The US military reports monthly on overall readiness. These quantified reports are accompanied by narratives explaining what is occurring in military units that is affecting current or future readiness. These assessments allow military leaders to calculate overall readiness and estimate how readiness could be affected by personnel, equipment, or training factors. There are likely many ways in which artificial intelligence (AI) can improve measurement and management of military readiness. In this report, the authors discuss work that advances the capability of computers to "understand" human language describing factors that promote or impede readiness.
Prosperity and Justice After the Pandemic – Institute for Public Policy Research (UK)
The Institute for Public Policy Research’s Centre for Economic Justice examines, in this report, what ‘building back better’ should and does mean for the people of the UK, and how concentrations of power might be changed to deliver the “best possible outcome for ordinary people: namely, prosperity and justice”. In addition to existing pledges by the UK Government to ‘level up’ the country and increase investment, power in the economy should be shifted: to employees and workers from employers and shareholders; to companies working in the public interest from companies extracting from society; to those who are excluded from wealth from a system which has distributed it unevenly; and to the nations, regions and local authorities of the UK away from Whitehall.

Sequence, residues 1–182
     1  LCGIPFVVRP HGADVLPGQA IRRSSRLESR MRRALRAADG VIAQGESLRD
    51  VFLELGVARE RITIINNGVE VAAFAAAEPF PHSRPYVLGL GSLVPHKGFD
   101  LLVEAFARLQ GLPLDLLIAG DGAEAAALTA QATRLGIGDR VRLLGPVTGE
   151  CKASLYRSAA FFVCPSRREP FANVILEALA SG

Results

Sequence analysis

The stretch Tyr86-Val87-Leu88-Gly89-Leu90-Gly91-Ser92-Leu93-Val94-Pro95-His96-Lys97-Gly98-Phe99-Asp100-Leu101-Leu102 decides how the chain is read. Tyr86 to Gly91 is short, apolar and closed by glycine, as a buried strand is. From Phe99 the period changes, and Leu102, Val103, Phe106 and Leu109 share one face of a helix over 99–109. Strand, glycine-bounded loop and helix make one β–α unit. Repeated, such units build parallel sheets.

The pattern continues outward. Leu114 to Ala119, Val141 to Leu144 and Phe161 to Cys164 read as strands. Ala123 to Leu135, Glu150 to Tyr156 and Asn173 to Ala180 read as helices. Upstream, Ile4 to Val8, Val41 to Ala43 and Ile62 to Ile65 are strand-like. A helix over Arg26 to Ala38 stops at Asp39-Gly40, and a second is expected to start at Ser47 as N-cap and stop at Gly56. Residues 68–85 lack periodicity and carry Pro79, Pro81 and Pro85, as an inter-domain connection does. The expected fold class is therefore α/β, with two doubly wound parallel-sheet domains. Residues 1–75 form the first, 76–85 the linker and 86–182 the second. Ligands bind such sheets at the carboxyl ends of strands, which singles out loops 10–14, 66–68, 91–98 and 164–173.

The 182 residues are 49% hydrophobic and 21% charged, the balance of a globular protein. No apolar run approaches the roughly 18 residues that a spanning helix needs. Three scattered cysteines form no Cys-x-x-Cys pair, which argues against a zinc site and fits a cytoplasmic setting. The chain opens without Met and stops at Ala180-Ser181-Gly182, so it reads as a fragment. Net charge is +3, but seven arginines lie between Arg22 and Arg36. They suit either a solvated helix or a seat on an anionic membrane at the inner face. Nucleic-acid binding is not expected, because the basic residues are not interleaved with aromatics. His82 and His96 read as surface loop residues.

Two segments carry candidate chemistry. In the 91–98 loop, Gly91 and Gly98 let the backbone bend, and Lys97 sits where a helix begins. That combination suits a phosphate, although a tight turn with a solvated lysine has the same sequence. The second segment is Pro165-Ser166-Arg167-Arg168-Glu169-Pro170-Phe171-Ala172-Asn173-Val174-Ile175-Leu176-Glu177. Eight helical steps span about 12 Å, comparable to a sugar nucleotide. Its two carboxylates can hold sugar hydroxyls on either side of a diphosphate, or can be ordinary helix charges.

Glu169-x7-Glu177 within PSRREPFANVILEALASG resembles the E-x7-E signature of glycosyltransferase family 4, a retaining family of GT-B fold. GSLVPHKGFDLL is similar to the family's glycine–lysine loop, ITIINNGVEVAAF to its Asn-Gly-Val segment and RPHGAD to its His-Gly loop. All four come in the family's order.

Full Employment and Good Jobs for All: Why the UK is seeing a lopsided jobs recovery – Institute for Public Policy Research (UK)